Increased capital rigging utilization


There is constantly chance to show signs of improvement

The focal point of grade is set up on the possibility of steady thing and methodology change and the end
of non-worth included activities. "The Value including activities are basically simply those things the
customer will pay for, everything else is misuse, and should be discarded, enhanced, diminished, or
consolidated". Improving the surge of material through new immaculate system groups at the customer's
required rate would diminish waste in material advancement and stock.

Continuous Improvement

A perpetual change standpoint is vital to accomplish the association's targets. The expression "steady
change" suggests incremental change of things, strategies, or organizations after some time, with the
target of decreasing waste to improve working environment convenience, customer organization, or thing

Lean Objectivity:

Improve quality: To stay forceful in today's business focus, an association must grasp its
customers' needs and needs and plan systems to experience their yearnings and requirements.

Eliminate waste: Waste is any development that eats up time, resources, or space however does
not improve the thing or organization. See Types of waste, above.

Reduce time: Reducing the time it makes to finish a move the distance is a champion amongst the
best ways to deal with kill waste and lower costs.

Reduce complete costs: To minimize cost, an association must make just to customer demand.
Overproduction constructs an association's stock expenses because of limit needs.

Lean Services:
Slant, as a thought or brand, has gotten the innovative capacity of various in
different circles of activity. Instance of these from various portions are recorded

Slant measures have been adequately associated with call center organizations to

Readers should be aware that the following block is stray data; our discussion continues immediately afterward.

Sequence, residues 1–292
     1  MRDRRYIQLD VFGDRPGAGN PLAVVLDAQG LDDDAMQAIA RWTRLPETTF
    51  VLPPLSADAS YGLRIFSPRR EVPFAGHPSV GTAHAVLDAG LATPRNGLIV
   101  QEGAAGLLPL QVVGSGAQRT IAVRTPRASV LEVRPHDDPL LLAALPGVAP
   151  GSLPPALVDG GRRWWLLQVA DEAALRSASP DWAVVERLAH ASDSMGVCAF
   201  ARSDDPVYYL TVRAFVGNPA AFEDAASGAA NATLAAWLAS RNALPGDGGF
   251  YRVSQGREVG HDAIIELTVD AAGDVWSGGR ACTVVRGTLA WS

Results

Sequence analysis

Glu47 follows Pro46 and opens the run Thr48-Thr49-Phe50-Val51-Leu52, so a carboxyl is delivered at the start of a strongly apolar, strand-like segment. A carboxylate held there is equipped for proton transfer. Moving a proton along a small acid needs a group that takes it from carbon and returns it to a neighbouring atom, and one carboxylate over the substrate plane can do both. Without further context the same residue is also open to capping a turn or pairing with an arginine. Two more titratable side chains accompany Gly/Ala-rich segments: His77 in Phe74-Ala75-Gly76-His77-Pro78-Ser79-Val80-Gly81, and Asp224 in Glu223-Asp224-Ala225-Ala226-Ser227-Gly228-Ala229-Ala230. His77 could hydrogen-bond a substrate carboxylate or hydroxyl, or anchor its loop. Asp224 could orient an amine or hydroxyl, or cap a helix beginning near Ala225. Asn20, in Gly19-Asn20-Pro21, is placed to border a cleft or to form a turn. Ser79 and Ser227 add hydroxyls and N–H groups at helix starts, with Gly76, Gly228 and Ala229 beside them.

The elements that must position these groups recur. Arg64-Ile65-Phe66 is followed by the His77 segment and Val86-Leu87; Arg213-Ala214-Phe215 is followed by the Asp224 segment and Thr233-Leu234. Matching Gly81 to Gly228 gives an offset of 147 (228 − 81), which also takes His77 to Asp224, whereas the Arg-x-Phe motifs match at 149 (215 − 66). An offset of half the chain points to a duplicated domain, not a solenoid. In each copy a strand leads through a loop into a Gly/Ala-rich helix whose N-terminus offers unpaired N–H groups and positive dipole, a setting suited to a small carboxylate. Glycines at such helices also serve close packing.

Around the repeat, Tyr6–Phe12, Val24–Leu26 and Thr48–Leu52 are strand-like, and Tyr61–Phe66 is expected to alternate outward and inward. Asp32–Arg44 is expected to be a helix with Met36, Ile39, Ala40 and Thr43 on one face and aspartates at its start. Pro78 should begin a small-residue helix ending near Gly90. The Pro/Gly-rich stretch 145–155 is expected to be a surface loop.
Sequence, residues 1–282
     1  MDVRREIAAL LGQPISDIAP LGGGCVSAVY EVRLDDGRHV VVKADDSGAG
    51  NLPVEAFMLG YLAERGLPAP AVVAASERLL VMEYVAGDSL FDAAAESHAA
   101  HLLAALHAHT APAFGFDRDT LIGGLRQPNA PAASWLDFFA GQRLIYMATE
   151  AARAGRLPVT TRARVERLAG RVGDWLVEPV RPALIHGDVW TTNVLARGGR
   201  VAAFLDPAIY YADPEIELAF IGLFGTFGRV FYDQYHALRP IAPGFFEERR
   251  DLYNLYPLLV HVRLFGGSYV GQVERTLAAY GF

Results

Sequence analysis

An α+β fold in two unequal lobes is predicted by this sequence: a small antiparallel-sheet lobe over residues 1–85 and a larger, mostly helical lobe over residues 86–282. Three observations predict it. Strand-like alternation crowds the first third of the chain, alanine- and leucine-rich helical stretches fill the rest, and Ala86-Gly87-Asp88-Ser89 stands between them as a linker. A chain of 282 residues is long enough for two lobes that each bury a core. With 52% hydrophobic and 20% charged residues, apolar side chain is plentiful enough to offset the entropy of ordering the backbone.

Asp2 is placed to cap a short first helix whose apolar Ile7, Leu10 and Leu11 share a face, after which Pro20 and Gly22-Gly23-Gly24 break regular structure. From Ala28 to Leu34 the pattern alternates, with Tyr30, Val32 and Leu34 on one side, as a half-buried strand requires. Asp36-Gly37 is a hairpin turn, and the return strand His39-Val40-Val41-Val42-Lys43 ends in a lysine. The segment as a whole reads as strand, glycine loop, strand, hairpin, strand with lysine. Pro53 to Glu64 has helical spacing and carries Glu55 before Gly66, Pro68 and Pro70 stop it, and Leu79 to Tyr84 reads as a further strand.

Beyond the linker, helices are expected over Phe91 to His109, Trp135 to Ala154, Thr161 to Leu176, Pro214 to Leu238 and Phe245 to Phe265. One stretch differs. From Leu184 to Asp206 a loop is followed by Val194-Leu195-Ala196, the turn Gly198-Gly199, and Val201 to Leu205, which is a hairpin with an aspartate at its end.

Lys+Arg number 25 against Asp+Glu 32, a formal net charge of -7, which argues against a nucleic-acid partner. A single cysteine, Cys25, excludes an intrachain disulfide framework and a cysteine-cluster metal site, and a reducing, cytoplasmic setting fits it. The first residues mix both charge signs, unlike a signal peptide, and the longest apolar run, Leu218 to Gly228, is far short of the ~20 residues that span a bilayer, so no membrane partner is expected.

upgrade live administrator call dealing with. By joining Agent-helped Automation
and grade's waste reducing practices, an association lessened handle time,
diminished between administrator variability, diminished accent obstacles, and
accomplished close perfect system adherence.
Slant models have moreover found application in programming application change
and bolster and distinctive scopes of information advancement (IT).

Toyota Production Systems (TPS) focusses on 3Ms i.e. Muda, Mura and Muri. The 3Ms are considered to
be challenges to lean manufacturing which focuses on waste reduction so as to increase profitability for
the firm.

Muda means futility, uselessness, wastefulness. If any process consumes resources more than it
should then waste is bound to occur. Muda can be broken down into 2 categories

Type-1:non-value added activity for the end customer which is necessary

Type-2:non-value added activity for the end customer which is not necessary as it generates
wastes and incurs hidden costs.

There are 7 types of wastes included in Muda.

1. Overproduction- This refers to the product being produced more than or before its actual use. In
TPS overproduction is referred as just-in-case when it actually follows just-in-time
philosophy. This can create excessive lead time, increase storage cost and makes it difficult to
detect defects.
2. Waiting- This occurs when there is mismatch between lead times of two or more consecutive
process. This can happen due poor material flow, excessive distance between work centres or
production runs too long. Linking and coordinating processes together can reduce waiting time
3. Transporting- The transportation of products between processes can incur unnecessary cost and,
in some cases, reduce product quality. Transportation can be very difficult to control as there are
perceived cost of moving larger equipment and plants. Designing process flow can give us visual
idea as to where the transportation can be reduced.
4. Inappropriate Processing Underutilisation of resources can be classified into this category like
use of high precision equipment when the same task can be done using simpler tools. Using
simpler well-maintained tools and older machines, along with proper process flows can greatly
reduce the waste of unnecessary processing.
5. Unnecessary Motion- Excess and unnecessary movement of goods and personnel can always